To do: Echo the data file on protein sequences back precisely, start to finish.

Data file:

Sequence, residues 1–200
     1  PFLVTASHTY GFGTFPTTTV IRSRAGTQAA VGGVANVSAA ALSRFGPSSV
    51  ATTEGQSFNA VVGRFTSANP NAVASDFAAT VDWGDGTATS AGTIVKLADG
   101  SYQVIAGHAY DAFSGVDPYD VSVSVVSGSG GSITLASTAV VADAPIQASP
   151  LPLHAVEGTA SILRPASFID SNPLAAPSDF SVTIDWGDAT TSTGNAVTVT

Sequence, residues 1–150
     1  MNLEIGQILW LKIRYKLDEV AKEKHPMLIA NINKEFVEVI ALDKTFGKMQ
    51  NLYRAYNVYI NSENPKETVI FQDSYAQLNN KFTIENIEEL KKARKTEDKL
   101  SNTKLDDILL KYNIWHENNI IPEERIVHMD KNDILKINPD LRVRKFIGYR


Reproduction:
Sequence, residues 1–200
     1  PFLVTASHTY GFGTFPTTTV IRSRAGTQAA VGGVANVSAA ALSRFGPSSV
    51  ATTEGQSFNA VVGRFTSANP NAVASDFAAT VDWGDGTATS AGTIVKLADG
   101  SYQVIAGHAY DAFSGVDPYD VSVSVVSGSG GSITLASTAV VADAPIQASP
   151  LPLHAVEGTA SILRPASFID SNPLAAPSDF SVTIDWGDAT TSTGNAVTVT

Sequence, residues 1–150
     1  MNLEIGQILW LKIRYKLDEV AKEKHPMLIA NINKEFVEVI ALDKTFGKMQ
    51  NLYRAYNVYI NSENPKETVI FQDSYAQLNN KFTIENIEEL KKARKTEDKL
   101  SNTKLDDILL KYNIWHENNI IPEERIVHMD KNDILKINPD LRVRKFIGYR